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Parliament-Funkadelic Live: Nothin’ Like It

Parliament Funkadelic

The Parliament-Funkadelic live experience is unlike any other. The Mothership Connection/P-Funk Earth Tour in 1977 still stands as one of the most extravagant stage shows ever executed by a recording artist. Unfortunately, due to my less-than-spectacular grades in high school, I wasn’t able to see those mind-blowing performances. My personal attendance at P-Funk shows started in 1983. I’ve witnessed hundreds of shows and have rarely been disappointed. Please join me in this trip down memory lane as I spotlight some of the greatest moments within the P-Funk live Thang.

THE RED PARROT, NYC-March 24th, 1983

My very first P-Funk live experience came during the I Brake For Atomic Dogs tour which supported George Clinton’s comeback hit of the same name. Due to the size of the venue, the Red Parrot was filled well past capacity, to the degree that Maceo Parker, MC for the event, had to instruct the fans to back away from the stage. One of the standout moments of this gig was the unannounced appearance of bassist Bootsy Collins performing “Body Slam.” Eddie Murphy was also in attendance.

THE RITZ, NYC-April 11th and 12th, 1984

In the spring of 1984, P-Funk set up shop at the Ritz for three nights with a tour that supported two album releases, Urban Dancefloor Guerillas¬†and George’s own¬†You Shouldn’t-Nuf-Bit-Fish. Opening up with “Funkentelechy,” the P-Funk All-Stars delivered what could only be described as a whirlwind of Hydraulic Funk. At one point, guitarist Garry Shider played bass. One surprising moment: a Michael Jackson impersonator jumping up onstage near the show’s climax.

THE ROXY, NYC-May 23rd, 1984

After winning tickets courtesy of radio station WBLS (their program director Frankie Crocker hosted this event), I was able to attend this gig which was sort of an early birthday gift. Because the band’s bassist was late, numerous members had to fill that role. At one point, guitarist Garry Shider played. Once the bassist arrived, this particular gig went into what I like to call “Urge Overdrive.” “Atomic Dog” was performed for over 45 minutes, featuring a bass and drum solo. It was the one and only time that I was able to hear the track “Last Dance” live.

THE MAUI NIGHTCLUB, Philadelphia, Pa.-May 3rd, 1994

THE STRAND-Providence, Rhode Island-May 4th, 1994

WESLEYAN COLLEGE-Middletown, Connecticut-May 5th, 1994

The ultimate dream is achieved: the experience of actually touring with the band that represents the center of your consciousness (musically or otherwise). Spending three nights on the P-Funk tour bus would be euphoric without the gigs. The first gig in Philly was marred by an electrical blackout. The second gig in Rhode Island was standard and entertaining. But the last gig in Connecticut was a Funky festival for the senses. Let me state out loud: I LOVE THE COLLEGE GIGS!!! This particular gig ended with almost 100 students flooding the stage during the band’s performance of their timeless Funk anthem “One Nation Under A Groove.”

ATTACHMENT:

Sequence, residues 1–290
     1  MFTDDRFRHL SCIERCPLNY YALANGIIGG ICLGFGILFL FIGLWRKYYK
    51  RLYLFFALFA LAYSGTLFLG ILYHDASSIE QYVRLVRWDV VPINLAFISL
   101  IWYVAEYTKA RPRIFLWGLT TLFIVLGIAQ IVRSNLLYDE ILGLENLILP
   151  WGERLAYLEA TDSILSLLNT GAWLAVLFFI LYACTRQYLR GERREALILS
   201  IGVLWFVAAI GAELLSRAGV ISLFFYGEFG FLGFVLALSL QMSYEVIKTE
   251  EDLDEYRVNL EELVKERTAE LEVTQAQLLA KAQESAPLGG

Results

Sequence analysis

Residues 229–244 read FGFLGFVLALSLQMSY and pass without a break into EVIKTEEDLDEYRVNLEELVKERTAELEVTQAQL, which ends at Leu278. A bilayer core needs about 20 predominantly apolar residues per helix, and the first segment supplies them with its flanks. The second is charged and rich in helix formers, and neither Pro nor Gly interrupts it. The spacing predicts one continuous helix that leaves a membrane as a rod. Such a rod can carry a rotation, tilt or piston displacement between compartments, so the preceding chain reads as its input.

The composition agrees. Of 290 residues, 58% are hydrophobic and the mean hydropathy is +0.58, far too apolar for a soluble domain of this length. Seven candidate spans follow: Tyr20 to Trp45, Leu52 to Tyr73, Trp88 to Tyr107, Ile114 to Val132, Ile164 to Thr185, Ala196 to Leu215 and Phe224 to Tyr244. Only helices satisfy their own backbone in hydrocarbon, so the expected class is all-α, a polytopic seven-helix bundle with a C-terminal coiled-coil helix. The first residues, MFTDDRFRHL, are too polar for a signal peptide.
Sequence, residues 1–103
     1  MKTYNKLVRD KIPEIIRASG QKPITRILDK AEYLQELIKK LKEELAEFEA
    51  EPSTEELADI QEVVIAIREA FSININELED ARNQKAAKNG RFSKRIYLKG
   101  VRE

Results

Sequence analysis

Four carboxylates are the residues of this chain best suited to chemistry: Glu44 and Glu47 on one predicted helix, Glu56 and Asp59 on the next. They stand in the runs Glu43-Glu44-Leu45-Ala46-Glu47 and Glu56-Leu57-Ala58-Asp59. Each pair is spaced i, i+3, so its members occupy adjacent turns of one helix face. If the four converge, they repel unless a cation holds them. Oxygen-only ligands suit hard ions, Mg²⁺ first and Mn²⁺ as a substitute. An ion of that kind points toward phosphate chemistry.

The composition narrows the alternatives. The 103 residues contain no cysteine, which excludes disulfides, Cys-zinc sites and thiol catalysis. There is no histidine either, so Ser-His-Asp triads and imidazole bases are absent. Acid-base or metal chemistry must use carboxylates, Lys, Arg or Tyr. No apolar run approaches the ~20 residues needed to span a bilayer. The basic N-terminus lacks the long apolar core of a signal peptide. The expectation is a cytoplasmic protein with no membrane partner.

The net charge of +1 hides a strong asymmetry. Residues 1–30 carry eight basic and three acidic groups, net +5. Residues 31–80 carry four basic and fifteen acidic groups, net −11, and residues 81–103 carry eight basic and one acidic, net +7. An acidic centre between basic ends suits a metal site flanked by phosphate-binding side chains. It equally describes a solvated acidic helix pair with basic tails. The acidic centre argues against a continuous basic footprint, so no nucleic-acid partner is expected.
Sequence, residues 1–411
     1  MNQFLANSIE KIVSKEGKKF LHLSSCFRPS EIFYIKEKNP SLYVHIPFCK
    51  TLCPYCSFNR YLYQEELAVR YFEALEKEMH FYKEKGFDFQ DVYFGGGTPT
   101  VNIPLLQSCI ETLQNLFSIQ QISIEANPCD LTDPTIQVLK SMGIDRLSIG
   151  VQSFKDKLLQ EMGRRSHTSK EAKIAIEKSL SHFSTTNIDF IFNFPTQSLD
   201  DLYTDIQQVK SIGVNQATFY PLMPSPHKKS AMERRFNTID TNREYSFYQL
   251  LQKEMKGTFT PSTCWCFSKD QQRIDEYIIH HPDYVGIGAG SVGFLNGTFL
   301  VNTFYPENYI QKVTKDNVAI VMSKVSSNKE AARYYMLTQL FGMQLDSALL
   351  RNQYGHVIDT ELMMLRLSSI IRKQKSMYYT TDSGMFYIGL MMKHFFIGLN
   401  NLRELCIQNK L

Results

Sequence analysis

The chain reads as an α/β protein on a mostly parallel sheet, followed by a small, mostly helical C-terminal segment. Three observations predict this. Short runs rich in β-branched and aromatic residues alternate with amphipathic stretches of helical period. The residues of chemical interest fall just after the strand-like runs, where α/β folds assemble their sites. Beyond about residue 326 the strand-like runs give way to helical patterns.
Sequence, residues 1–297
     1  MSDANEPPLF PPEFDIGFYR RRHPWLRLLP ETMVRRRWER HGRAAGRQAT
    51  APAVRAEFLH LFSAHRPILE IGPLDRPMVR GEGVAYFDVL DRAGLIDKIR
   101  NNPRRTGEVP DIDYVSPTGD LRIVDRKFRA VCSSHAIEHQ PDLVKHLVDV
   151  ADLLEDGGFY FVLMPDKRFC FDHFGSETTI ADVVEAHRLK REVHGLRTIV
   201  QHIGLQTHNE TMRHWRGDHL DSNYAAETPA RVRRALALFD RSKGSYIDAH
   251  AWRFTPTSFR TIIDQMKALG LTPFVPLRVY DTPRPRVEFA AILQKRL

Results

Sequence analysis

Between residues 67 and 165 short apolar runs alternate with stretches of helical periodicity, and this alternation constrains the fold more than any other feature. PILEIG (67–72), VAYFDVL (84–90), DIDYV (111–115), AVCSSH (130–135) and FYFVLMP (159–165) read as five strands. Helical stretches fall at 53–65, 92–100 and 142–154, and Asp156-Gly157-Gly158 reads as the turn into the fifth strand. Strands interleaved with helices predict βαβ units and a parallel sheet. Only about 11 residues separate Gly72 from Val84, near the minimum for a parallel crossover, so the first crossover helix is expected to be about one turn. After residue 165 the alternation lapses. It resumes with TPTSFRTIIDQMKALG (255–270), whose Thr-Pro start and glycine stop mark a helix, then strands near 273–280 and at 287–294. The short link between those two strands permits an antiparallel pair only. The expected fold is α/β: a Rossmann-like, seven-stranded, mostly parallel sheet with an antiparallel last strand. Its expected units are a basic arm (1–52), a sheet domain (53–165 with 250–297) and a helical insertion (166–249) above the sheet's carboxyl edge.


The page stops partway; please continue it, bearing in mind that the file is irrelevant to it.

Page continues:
As Dr. Funkenstein would say, “THIS IS THE BIG ONE!!!” The much-heralded reunion concert brought key P-Funk collaborators Bootsy Collins and Bernie Worrell back home. It was the auspicious event that brought us a brand new awesomely powered Mothership. A four-hour Funk extravaganza that united Funkateers of all races and nationalities. If anyone got Funked up, all that fuss wuz us!


One glorious night when the Funk celebrated itself. Bootsy Collins, Bernie Worrell, Sheila E. (accompanied by P-Funk vocalist Lynn Mabry), Paul Shaffer, Nona Hendryx, Vernon Reid, Fab 5 Freddy, Dallas Austin, and Full Force came together to honor Dr. Funkenstein for steering the Mothership through almost 50 years of interplanetary musical bliss. It was totally fitting that this celebration would transpire in one of the most celebrated institutions of African-American culture.

My personal relationship with the P-Funk live experience is incomparable. I’ll always cherish and respect the front-row seat I’ve been afforded watching the evolution of one of the greatest live acts in rock history. My analysis of this evolution doesn’t touch upon what transpires backstage; that’s for another time. I’m now witnessing this phenomenon in its final stages. If ever they’re touring close to me, I will be in attendance. As I’ve previously noted, Funk will always represent the center of my consciousness. Parliament-Funkadelic represents the center of that reality. Because they will always take it to the stage and beyond!

-Tim Kinley

Photo: Parliament-Funkadelic (Getty)

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1 comment on “Parliament-Funkadelic Live: Nothin’ Like It

  1. R. Wayne Woods

    The first time I saw The Funk live it blew my funky mind. At the Forum in Inglewood, CA., the looks, sounds and smells were beyond me. I remember a giant talking skull (smoking something) a man in a diaper, and a spaceship???

    It was the second time, a Funk Festival, at the LA Coliseum, that I was caught up. I was now deep, my catalog growing, and it was deep…Bootsy, The Brides, Parlet, and the entire Parliafunkadelicment thang tore the roof off a roofless venue! One nation, indeed!

    Thanks Tim…one the 1!

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